Search results

1 – 10 of 19
To view the access options for this content please click here
Article
Publication date: 2 February 2015

Taotao Chen, Ronald W. McQuaid and Maktoba Omar

The purpose of this paper is to develop a double mechanism model to separate two foreign direct investment (FDI) intra-industry spillovers mechanisms: spillovers by FDI…

Abstract

Purpose

The purpose of this paper is to develop a double mechanism model to separate two foreign direct investment (FDI) intra-industry spillovers mechanisms: spillovers by FDI intensity and by FDI efficiency. This paper seeks to illustrate the potential use of the double mechanism model rather than provide precise estimates of spillovers. The evidence on the links between technology and the nature, size and mechanisms of FDI spillovers effects in economically developing countries is mixed.

Design/methodology/approach

A model is developed and tested, in principle. Empirical testing was conducted in two steps. In the first step, the authors examined the effect of each influencing factor to FDI spillovers separately. To complete this step, the authors divided the whole sample industry into sub-groups and tested them with the double-mechanism using ordinary least squares regression. This study applies Chinese National Bureau of Statistics manufacturing industry level data, for the years 2000, 2001 and 2002, including the food industry, beverage industry, textile industry, textiles and garments, chemicals and chemical products industry, overall manufacturing equipment, special equipment, computer and other electronic equipment manufacturing industries.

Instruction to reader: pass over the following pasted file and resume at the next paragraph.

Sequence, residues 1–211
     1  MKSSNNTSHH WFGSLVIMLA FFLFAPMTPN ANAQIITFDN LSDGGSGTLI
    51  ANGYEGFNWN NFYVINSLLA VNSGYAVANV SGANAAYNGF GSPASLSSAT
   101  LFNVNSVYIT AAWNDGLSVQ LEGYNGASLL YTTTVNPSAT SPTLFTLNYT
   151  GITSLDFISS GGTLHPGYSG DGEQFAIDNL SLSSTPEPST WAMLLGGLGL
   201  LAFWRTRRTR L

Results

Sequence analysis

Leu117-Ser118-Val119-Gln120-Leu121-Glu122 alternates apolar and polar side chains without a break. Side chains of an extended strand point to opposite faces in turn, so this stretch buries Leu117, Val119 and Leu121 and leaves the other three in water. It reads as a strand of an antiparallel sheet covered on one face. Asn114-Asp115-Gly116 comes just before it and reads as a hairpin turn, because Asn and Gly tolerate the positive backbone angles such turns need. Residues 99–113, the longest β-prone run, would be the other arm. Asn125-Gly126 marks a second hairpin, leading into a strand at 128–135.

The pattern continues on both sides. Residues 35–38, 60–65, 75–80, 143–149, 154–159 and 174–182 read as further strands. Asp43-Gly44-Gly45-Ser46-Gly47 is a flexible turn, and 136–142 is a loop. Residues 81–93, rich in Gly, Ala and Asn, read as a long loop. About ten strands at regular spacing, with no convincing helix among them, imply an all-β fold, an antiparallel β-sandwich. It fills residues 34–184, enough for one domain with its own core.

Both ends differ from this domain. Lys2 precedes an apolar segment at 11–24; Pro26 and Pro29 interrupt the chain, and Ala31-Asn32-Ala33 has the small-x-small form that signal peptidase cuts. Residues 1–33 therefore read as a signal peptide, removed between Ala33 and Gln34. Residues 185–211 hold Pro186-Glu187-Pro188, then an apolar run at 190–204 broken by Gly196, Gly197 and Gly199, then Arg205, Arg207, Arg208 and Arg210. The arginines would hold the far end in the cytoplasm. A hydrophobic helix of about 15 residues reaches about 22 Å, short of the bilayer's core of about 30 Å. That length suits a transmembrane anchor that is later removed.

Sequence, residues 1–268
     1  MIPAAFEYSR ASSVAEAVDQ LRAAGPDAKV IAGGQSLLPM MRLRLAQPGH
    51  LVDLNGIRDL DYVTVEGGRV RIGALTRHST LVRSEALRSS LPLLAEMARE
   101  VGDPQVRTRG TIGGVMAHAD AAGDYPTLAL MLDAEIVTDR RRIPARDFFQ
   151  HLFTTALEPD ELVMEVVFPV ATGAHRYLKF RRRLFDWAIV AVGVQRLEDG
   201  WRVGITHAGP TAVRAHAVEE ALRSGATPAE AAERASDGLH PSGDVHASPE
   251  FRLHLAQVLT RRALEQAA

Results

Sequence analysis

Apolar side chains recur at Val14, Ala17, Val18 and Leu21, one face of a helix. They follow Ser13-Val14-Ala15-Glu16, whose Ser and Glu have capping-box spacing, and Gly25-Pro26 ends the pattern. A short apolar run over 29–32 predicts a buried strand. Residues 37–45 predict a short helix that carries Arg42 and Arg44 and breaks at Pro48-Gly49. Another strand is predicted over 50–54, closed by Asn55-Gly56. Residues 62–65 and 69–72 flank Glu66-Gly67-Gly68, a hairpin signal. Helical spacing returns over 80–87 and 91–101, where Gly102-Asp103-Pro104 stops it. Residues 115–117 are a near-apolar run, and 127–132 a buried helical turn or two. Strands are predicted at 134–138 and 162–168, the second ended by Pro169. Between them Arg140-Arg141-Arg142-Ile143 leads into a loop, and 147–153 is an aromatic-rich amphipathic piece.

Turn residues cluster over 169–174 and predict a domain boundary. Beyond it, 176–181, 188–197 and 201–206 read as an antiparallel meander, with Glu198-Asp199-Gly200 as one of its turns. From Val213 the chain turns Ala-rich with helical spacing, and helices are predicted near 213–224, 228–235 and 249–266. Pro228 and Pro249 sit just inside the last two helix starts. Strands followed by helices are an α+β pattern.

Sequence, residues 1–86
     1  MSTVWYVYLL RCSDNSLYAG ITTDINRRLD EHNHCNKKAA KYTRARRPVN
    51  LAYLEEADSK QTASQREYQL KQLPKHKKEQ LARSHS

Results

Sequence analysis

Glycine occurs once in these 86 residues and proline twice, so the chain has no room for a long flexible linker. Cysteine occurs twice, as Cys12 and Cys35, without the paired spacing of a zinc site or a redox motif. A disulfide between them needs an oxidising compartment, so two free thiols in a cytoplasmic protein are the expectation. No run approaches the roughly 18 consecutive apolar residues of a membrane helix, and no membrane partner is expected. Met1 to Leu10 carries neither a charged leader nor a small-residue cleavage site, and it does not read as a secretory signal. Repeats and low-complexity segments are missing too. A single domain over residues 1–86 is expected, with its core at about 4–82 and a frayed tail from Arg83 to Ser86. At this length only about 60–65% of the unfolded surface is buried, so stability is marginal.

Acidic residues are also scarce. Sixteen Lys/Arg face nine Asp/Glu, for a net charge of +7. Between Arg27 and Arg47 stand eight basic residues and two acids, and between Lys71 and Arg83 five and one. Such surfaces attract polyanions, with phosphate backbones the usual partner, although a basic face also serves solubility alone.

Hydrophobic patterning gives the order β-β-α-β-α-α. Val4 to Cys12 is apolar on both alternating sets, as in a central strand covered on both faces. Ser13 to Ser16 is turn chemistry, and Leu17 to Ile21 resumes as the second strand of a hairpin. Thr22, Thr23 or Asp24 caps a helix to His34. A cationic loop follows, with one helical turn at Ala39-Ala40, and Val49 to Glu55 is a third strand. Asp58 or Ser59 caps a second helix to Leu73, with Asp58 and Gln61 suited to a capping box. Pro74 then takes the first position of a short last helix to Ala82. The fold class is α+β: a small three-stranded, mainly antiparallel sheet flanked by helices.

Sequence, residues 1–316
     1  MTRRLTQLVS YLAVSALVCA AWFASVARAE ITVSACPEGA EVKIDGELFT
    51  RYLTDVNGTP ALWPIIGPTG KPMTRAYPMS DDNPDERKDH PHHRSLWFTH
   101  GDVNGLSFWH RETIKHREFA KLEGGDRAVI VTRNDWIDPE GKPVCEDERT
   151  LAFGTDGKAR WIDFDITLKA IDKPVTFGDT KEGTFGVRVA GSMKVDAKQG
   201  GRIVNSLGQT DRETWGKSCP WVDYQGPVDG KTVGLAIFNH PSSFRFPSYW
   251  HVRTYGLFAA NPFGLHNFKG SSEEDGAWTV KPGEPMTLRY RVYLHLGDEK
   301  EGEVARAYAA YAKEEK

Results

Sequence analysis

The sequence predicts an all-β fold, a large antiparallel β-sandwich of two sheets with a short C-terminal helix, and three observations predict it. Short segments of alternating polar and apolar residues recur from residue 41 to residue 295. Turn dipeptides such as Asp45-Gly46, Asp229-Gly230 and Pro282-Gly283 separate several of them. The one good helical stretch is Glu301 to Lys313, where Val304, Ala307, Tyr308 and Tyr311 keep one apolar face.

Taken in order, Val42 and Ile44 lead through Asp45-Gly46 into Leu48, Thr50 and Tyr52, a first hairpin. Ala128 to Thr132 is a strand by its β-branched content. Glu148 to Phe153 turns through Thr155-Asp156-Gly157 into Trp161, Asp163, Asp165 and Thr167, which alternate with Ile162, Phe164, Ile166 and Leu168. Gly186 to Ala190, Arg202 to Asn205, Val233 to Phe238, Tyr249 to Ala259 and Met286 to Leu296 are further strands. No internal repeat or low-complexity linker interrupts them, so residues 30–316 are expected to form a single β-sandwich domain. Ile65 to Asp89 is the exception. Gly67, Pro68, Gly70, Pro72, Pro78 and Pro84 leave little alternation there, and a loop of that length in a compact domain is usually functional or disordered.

Findings

The analysis suggests significant differences between types of spillovers: export orientation of domestic firms mainly influences FDI spillovers by intensity; the capability gap between local and foreign firms influences spillovers by efficiency; and the growth of local firms influences both types of spillovers. This paper develops existing models of FDI and suggests that disaggregating spillovers types may provide important theoretical and policy insights.

Originality/value

This study has found, first, that compared with the classic single mechanism model, the double mechanism model is more appropriate for testing FDI intra-industry spillovers, as it is able to separate spillovers by intensity and spillovers by efficiency, which are shown as two distinct mechanisms for FDI spillovers. This allows a deeper analysis into each mechanism and the identification of relevant influencing factors.

Details

Journal of Chinese Economic and Foreign Trade Studies, vol. 8 no. 1
Type: Research Article
ISSN: 1754-4408

Keywords

To view the access options for this content please click here
Article
Publication date: 1 July 2004

Ronald W. McQuaid, Malcolm Greig and John Adams

This paper tests the appropriateness of government employment policies in targeting specific groups of unemployed job seekers in the UK. A sample of 169 job seekers is…

Abstract

This paper tests the appropriateness of government employment policies in targeting specific groups of unemployed job seekers in the UK. A sample of 169 job seekers is divided into those who were successful and unsuccessful in finding employment and the attributes of each group is analysed. A factor analysis of these attributes is carried out in order to develop typical profiles of unsuccessful job seekers and these profiles are compared with current policy target groups. The findings show that high levels of accumulated human and financial capital, non‐metropolitan residence and accessibility to centres of employment have a positive impact on job search success. This casts doubt on the appropriateness of using socio‐demographic and local area characteristics to select job seekers for assistance, when other factors appear to have more bearing on job search success. The only current policy target group fully justified by this study is the long‐term unemployed, who had a significantly lower chance of finding unemployment.